(5) If the governing body of a municipality amends the budget pursuant to paragraph (4)(c), the adopted amendment must be posted on the official website of the municipality within 5 days after adoption. If the municipality does not operate an official website, the municipality must, within a reasonable period of time as established by the county or counties in which the municipality is located, transmit the adopted amendment to the manager or administrator of such county or counties who shall post the adopted amendment on the county’s website.
  • Florida Local Option Gas Taxes

    County/local governments are authorized to levy up to 12 cents of local option fuel taxes in three separate levies on fuel sold within the county. The funds are used for transportation expenditures.

    • The ninth-cent fuel tax is a tax of 1 cent on every net gallon of motor and diesel fuel sold within a county/municipality.
    • A tax of 1 to 6 cents on every net gallon of motor and diesel fuel sold within a county/municipality.
    • A tax of 1 to 5 cents on every net gallon of motor fuel sold within a county/municipality. Diesel fuel is not subject to this tax.

     

    ALLOWABLE USES:

    Ninth-Cent Fuel Tax (section 336.021, Florida Statutes)and Sixth-Cent Local Option Gas Tax (section 336.025, Florida Statutes): County and municipal governments shall utilize moneys received through the adoption of a 6th cent local option gas tax only for transportation expenditures. F.S. 336.025(7): “transportation expenditures” means expenditures by the local government from local or state shared revenue sources, excluding expenditures of bond proceeds, for the following programs:

    (a) Public transportation operations and maintenance.

    (b) Roadway and right-of-way maintenance and equipment and structures used primarily for the storage and maintenance of such equipment.

    (c) Roadway and right-of-way drainage.

    (d) Street lighting installation, operation, maintenance, and repair.

    (e) Traffic signs, traffic engineering, signalization, and pavement markings, installation, operation, maintenance, and repair.

    (f) Bridge maintenance and operation.

    (g) Debt service and current expenditures for transportation capital projects in the foregoing program areas, including construction or reconstruction of roads and sidewalks.

    Fifth-Cent Local Option Gas Tax (section 336.025, Florida Statutes): County and municipal governments shall use moneys received through the adoption of a 5th cent local option gas tax for the following:

    (a) transportation expenditures needed to meet the requirements of the capital improvements element of an adopted comprehensive plan, or

    (b) expenditures needed to meet immediate local transportation problems, or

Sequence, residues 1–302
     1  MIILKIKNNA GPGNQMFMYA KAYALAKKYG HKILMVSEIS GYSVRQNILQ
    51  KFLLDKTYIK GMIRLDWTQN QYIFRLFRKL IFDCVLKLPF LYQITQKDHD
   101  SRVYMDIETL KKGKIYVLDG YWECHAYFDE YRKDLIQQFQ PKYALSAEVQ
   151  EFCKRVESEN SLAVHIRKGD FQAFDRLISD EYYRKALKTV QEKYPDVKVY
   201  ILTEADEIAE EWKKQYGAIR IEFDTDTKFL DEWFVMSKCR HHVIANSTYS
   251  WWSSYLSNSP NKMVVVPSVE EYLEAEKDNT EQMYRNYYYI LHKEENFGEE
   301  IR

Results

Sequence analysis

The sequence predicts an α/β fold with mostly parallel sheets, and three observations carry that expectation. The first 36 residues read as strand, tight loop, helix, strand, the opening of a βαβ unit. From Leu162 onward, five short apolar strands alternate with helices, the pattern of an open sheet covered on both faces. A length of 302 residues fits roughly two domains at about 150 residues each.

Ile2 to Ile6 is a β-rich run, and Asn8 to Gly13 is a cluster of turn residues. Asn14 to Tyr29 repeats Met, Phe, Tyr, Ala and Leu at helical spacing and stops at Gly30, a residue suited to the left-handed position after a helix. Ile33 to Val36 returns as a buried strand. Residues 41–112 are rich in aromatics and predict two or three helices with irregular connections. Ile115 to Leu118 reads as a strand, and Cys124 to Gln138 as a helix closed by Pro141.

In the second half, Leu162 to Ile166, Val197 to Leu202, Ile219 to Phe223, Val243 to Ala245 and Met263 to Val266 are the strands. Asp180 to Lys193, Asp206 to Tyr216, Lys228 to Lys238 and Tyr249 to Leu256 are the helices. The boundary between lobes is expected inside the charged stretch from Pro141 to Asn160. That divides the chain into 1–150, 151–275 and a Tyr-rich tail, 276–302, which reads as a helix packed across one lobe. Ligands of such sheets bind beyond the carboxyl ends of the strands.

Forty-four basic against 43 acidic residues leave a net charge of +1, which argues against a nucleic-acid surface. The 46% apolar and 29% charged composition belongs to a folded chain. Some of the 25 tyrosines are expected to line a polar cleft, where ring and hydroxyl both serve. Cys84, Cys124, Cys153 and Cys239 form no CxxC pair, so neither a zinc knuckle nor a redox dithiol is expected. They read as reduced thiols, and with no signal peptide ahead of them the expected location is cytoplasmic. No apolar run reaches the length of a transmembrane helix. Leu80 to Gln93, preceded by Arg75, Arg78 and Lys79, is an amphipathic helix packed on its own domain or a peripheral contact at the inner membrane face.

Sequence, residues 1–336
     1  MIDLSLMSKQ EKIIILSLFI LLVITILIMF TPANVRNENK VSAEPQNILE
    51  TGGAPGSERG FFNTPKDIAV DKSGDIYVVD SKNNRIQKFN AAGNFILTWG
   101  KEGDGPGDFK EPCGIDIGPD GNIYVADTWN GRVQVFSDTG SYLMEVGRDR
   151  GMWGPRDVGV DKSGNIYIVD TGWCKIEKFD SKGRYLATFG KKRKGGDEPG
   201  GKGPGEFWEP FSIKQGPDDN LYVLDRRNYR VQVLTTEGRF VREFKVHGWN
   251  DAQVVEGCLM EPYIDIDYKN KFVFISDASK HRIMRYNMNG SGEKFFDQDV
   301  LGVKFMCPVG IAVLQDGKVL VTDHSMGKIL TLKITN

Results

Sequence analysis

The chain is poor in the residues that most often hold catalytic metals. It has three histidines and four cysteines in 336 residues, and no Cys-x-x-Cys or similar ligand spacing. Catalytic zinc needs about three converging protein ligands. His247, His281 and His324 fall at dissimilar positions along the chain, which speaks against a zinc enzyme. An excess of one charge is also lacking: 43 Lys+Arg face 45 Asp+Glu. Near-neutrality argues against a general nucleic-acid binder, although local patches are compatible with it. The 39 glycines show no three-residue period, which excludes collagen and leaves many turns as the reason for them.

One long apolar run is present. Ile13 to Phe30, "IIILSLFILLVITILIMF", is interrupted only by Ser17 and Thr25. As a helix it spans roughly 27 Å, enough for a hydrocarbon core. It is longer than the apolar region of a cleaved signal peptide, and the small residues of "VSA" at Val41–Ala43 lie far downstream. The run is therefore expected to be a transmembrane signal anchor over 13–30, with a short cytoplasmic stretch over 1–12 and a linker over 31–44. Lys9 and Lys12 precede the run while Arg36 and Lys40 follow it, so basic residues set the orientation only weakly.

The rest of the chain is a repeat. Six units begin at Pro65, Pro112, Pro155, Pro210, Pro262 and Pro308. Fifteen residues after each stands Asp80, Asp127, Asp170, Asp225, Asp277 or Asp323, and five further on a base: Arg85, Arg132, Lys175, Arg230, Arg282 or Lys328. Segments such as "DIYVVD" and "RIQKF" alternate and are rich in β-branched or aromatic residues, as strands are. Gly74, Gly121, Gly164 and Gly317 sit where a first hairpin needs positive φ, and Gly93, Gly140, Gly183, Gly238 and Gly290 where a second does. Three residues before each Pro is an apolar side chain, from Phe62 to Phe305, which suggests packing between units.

(c) transportation-related expenditures that are critical for building comprehensive roadway networks by local governments.

    For purposes of the 5th-cent local option gas tax, expenditures for the construction of new roads, the reconstruction or resurfacing of existing paved roads, or the paving of existing graded roads shall be deemed to increase capacity and such projects shall be included in the capital improvements element of an adopted comprehensive plan. Expenditures for purposes of this paragraph shall not include routine maintenance of roads.

     

  • Municipal Fuel Taxes – State Revenue Sharing

    The Florida Revenue Sharing Act of 1972 was a major attempt by the Legislature to ensure a minimum level of revenue parity across units of local government.1 Provisions in the enacting legislation created the Revenue Sharing Trust Fund for Municipalities, which currently receives 1.3409 percent of sales and use tax collections, 12.5 percent of the state alternative fuel user decal fee collections, and the net collections from the one-cent municipal fuel tax. However, effective January 1, 2014, the trust fund will no longer receive any state alternative fuel user decal fee collections. An allocation formula serves as the basis for revenue distribution to each municipality that meets strict eligibility requirements. Municipalities must use the funds derived from the one-cent municipal fuel tax for transportation-related expenditures.

    ALLOWABLE USES:

    Funds available under this section shall be used only for purchase of transportation facilities and road and street rights-of-way; construction, reconstruction, and maintenance of roads, streets, bicycle paths, and pedestrian pathways; adjustment of city-owned utilities as required by road and street construction; and construction, reconstruction, transportation-related public safety activities, maintenance, and operation of transportation facilities. Municipalities are authorized to expend the funds received under this section in conjunction with other cities or counties or state or federal government in joint projects. (section 206.605, Florida Statutes)

  • F.A.C. 69I-73.006 – Inventory of Property